Environmental Factor, September 2009, National Institute of Environmental Health Sciences
Bushel and Paules to Present at Toxicogenomics Meeting
By Eddy Ball
NIEHS scientists Pierre Bushel, Ph.D. (https://www.niehs.nih.gov/research/atniehs/labs/bb/staff/bushel/index.cfm), and Rick Paules, Ph.D., will join colleague Weida Tong, Ph.D., as U.S. representatives at the Joint Symposium of the 5th International Conference on Toxicogenomics (ICT) and 2nd Toxicogenomics Integrated Environmental Science (TIES) in Seoul, Korea September 20-23.
The conference will bring together experts in toxicogenomics from the U.S., Europe and elsewhere in Asia with their counterparts in Korea. It is sponsored by the Korean Society of Toxicogenomics and Toxicoproteomics.
Bushel, who is a staff scientist in the NIEHS Biostatistics Branch, will speak on "Delineation of Perturbed Biological Systems that Govern Hepatotoxic Potential," and Paules, principal investigator in the Environmental Stress and Cancer Group and director of the Microarrays Core Facility, will outline "An 'Omics' Approach for Identifying Biomarkers of Adverse Effects."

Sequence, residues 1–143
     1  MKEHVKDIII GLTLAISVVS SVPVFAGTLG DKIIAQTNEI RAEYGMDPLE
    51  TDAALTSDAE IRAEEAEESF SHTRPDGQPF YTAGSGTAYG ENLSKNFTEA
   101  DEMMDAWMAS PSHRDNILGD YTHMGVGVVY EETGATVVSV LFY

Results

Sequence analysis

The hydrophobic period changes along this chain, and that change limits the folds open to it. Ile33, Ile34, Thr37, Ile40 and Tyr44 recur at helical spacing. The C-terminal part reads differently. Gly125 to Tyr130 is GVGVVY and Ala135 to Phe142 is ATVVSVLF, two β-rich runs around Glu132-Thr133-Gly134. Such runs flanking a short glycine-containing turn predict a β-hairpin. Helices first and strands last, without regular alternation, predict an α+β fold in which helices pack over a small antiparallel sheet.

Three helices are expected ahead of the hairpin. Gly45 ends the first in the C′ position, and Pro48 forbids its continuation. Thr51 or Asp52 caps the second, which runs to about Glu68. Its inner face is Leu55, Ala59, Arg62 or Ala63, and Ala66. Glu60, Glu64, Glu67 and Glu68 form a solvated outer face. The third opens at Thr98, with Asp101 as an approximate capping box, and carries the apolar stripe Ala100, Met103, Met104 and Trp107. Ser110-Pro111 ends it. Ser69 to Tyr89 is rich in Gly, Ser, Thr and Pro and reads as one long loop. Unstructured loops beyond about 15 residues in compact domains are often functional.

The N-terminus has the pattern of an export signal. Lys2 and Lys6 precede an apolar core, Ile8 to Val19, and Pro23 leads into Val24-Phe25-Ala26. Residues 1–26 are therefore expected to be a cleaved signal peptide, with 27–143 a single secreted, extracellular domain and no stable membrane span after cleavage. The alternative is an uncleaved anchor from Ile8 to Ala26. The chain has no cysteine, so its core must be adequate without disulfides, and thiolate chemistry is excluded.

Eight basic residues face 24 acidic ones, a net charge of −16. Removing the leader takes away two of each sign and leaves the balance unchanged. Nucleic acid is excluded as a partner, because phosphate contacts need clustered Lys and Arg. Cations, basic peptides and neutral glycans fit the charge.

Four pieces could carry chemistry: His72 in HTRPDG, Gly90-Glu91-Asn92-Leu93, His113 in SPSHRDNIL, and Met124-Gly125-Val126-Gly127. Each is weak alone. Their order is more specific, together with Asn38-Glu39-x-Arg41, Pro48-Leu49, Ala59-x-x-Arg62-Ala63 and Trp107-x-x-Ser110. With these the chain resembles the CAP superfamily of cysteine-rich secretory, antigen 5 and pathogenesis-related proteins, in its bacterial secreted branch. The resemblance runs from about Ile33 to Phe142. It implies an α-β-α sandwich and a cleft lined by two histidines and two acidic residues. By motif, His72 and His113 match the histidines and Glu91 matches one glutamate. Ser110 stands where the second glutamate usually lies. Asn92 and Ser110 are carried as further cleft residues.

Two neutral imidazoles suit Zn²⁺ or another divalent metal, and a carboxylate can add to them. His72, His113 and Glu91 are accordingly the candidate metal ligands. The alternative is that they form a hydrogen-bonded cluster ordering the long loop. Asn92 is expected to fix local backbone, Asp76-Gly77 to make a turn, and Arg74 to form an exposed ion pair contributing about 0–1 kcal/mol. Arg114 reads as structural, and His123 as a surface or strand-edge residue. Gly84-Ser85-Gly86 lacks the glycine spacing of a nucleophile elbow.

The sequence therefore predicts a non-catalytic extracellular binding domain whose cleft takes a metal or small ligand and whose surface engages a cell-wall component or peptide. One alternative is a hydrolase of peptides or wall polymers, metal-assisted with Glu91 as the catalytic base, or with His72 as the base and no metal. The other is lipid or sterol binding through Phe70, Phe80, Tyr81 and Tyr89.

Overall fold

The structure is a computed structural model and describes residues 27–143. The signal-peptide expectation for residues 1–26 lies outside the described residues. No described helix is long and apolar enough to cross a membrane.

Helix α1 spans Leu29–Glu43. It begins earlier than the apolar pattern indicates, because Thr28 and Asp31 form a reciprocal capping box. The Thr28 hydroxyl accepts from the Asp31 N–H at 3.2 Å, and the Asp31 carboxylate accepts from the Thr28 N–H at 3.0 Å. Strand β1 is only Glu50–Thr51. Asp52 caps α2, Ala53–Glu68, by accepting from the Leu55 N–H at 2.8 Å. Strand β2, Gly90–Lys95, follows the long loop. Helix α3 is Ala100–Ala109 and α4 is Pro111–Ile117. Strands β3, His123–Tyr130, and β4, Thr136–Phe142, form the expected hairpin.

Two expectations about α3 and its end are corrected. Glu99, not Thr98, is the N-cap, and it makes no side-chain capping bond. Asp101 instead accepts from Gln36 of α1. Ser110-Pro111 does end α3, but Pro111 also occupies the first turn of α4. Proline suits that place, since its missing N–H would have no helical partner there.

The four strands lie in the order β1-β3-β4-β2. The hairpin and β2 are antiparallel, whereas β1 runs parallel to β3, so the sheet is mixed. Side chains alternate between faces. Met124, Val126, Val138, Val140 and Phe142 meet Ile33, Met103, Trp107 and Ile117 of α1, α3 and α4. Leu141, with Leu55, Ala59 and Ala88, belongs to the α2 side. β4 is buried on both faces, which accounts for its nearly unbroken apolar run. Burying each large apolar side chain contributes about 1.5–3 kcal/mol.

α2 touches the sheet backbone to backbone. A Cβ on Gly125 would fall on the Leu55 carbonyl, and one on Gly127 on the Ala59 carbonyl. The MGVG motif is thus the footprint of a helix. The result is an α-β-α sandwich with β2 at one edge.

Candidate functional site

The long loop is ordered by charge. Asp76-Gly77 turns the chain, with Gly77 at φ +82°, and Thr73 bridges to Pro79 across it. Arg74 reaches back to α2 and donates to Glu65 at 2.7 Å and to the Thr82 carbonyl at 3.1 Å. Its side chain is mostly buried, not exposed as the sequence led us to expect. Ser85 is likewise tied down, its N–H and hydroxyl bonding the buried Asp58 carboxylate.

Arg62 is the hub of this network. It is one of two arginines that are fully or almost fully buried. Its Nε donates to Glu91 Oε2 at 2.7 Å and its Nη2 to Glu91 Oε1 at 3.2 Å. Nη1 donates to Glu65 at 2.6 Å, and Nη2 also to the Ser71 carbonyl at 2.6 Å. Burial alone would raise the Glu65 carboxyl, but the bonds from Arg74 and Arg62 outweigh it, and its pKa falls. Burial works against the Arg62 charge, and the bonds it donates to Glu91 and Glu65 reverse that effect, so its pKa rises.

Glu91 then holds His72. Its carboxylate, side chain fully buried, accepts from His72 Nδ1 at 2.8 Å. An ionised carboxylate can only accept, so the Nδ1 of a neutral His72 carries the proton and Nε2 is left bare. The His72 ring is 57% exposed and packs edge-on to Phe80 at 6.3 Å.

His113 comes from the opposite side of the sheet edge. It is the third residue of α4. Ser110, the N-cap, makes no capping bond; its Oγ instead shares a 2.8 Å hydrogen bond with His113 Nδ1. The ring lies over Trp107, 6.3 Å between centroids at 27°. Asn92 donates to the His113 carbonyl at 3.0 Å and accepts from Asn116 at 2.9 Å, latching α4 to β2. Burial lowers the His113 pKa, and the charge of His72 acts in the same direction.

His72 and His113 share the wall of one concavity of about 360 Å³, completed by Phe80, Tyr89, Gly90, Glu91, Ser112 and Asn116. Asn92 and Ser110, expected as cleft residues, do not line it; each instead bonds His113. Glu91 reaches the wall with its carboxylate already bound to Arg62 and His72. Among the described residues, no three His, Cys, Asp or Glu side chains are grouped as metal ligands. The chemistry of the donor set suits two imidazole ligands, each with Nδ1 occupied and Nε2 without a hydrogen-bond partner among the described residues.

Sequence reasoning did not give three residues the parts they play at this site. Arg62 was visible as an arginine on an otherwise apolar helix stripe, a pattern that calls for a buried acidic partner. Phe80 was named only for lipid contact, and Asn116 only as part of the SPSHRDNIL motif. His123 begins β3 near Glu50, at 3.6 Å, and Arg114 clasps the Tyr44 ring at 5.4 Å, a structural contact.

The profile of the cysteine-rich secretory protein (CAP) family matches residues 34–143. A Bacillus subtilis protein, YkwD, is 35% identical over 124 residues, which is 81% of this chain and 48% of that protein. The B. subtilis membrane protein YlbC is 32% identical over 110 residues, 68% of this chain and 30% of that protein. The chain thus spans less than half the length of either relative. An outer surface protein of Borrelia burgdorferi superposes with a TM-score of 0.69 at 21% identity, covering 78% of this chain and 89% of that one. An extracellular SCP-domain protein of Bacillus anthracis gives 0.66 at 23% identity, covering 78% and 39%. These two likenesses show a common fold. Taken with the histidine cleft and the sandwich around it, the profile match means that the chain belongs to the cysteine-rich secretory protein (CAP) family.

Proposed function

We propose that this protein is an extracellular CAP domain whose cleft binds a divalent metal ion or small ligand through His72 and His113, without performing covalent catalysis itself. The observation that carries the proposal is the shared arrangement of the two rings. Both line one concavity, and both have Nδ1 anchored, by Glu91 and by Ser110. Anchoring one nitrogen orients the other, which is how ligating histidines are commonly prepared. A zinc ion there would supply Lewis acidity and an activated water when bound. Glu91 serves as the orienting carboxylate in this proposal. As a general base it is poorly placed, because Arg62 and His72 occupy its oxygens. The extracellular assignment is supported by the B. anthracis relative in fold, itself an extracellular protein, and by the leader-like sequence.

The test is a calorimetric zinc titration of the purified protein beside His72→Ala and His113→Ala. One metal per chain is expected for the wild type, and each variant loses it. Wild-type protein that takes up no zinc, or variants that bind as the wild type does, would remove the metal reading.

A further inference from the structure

Tong will chair the meeting's Plenary Lecture I session. He is director of the Center for Toxicoinformatics at the Food and Drug Administration's National Center for Toxicological Research (NCTR) and a long-time collaborator with toxicogenomics investigators at NIEHS and the Institute's former National Center for Toxicogenomics (NCT), as well as one of the leaders of the MicroArray Quality Control Project.
The first meeting (https://www.niehs.nih.gov/news/newsletter/2007/december/bioinformatics.cfm) of TIES took place at North Carolina State University (NCSU) and was coordinated by NCSU Associate Director of Bioinformatics Dahlia Nielson, Ph.D., and staff in October 2007 - a year following the end of project funding by NCT. It was jointly sponsored by NIEHS, NCSU and NCTR. TIES and ICT are part of the worldwide effort to integrate high-throughput 'omics technologies and microarray platforms into toxicology and drug development.